“P**y Is Mine” was not her favorite song. That whole song was freestyle. What makes it interesting is the juxtaposition of ego and vulnerability. It’s kind of rolled in this vulnerability, wanting to claim it — “Tell me that it’s mine” — but it’s also out of this vulnerable need: “I want to feel I’m the only one in this moment.” I’ve really been there. It felt like such an honest moment.”
Lastly, Miguel opened up about the rumor that he was working with Beyoncéon her next album after he snapped a pic with the singer and put it on his Instagram. While that time in the studio together never really happened, he would love it:
Have I worked with Beyonce? [laughs] I was really nervous to ask her, that was all, I just asked her to take a photo with me and she was really sweet about it. That’s all I can say. I’ve honestly never worked with Beyonce. It would be awesome, though, I would love that.
Check out the full interview at Billboard.com and pick up the newest issue to run your fingers through it.
‘I Didn’t Like It At All:’ Wale Responds To Kelly Clarkson’s Sideways Comment To Miguel During The Grammys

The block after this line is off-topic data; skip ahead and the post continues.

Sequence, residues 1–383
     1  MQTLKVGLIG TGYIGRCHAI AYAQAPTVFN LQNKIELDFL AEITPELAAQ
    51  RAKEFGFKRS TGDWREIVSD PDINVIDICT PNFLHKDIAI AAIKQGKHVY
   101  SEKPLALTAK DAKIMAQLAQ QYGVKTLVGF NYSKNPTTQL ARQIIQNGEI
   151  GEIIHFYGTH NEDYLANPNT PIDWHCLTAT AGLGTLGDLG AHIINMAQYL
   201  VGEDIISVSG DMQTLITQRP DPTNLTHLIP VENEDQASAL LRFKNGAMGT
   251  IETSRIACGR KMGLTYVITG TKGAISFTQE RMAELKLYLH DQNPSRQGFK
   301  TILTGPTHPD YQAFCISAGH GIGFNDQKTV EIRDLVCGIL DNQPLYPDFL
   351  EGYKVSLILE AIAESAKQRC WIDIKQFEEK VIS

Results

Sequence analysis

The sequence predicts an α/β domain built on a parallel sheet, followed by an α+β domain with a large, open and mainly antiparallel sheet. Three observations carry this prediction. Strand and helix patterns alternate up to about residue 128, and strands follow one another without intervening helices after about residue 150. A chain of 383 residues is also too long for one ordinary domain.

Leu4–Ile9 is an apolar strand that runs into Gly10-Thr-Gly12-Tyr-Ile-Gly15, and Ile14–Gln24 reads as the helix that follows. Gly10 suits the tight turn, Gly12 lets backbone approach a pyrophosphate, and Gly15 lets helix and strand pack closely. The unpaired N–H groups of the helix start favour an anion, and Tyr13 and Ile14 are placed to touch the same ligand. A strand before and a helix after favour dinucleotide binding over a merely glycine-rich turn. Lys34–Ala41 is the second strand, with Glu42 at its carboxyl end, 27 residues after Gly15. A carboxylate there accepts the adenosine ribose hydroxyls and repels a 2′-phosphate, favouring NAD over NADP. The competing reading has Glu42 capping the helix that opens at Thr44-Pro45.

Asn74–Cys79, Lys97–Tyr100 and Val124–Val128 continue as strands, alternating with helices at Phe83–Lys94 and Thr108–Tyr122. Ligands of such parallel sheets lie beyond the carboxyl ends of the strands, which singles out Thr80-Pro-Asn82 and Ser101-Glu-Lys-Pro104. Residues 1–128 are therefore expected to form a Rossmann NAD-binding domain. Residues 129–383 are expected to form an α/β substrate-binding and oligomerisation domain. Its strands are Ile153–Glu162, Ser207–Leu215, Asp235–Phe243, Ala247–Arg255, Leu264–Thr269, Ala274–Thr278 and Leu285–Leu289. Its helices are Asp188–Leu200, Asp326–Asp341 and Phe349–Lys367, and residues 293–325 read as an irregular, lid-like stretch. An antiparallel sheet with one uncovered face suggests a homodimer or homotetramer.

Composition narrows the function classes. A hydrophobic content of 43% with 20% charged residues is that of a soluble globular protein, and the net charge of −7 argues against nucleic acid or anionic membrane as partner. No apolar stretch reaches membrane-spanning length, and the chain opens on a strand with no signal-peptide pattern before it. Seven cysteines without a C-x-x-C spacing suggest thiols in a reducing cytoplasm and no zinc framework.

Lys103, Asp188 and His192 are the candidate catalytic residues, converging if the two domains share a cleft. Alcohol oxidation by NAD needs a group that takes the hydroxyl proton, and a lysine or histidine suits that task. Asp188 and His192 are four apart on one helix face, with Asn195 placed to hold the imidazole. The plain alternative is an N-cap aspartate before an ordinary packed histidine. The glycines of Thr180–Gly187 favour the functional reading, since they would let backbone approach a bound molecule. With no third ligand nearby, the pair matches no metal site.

During Sunday night’s airing of the Grammy Awards, eyebrows raised as Kelly Clarkson mounted the stage to accept her award for Best Pop Vocal Album and delivered a rather awkward acceptance speech that many considered to be slighting to R&B vocalist, Miguel.
“Miguel, I don’t know who the hell you are, but we need to sing together. I mean, good God. That was the se*iest damn thing I’ve ever seen,” Clarkson said, refferring to Miguel’s sultry performance of hit single “Adorn”.
Although many didn’t think much of the singer’s comments, others found them highly offensive and slighting to Miguel. While Miguel has yet to come out to express whether or not he felt shafted by Kelly’s comments, friend and peer Wale had a few words to say about the comments.
“I didn’t like the Kelly Clarkson back-handed comments to Miguel. I didn’t like that at all. I just feel like our urban music is belittled, a little bit. Not trying to offend nobody on the committee, but for a record as big as ‘Adorn,’ and it to not be presented as a real performance onstage; it was almost like a segue to an award. Again, I don’t want to offend anybody on the committee, but that wasn’t a very good representation of our music because ‘Adorn’ is gonna be around for the next 30 years,” Wale expressed to MTV following the awards.
What makes Kelly’s comment even more interesting is that she and Miguel are actually label mates over at RCA Records.
Check out Clarkson’s full acceptance speech on the next page. Is Wale being sensitive or does he have a point?
I usually never watch the Grammys and honestly wasn’t planning on doing so last night. But when my friend asked me if I was going to participate in the festivities at brunch, I decided since I was avoiding the cold, to check it out. The show itself had high and low moments. It wasn’t fabulous but it certainly wasn’t the most boring thing I’ve seen. So, whether you missed it or want to relive it, check out the most memorable moments. The asterisks represent high points of the night.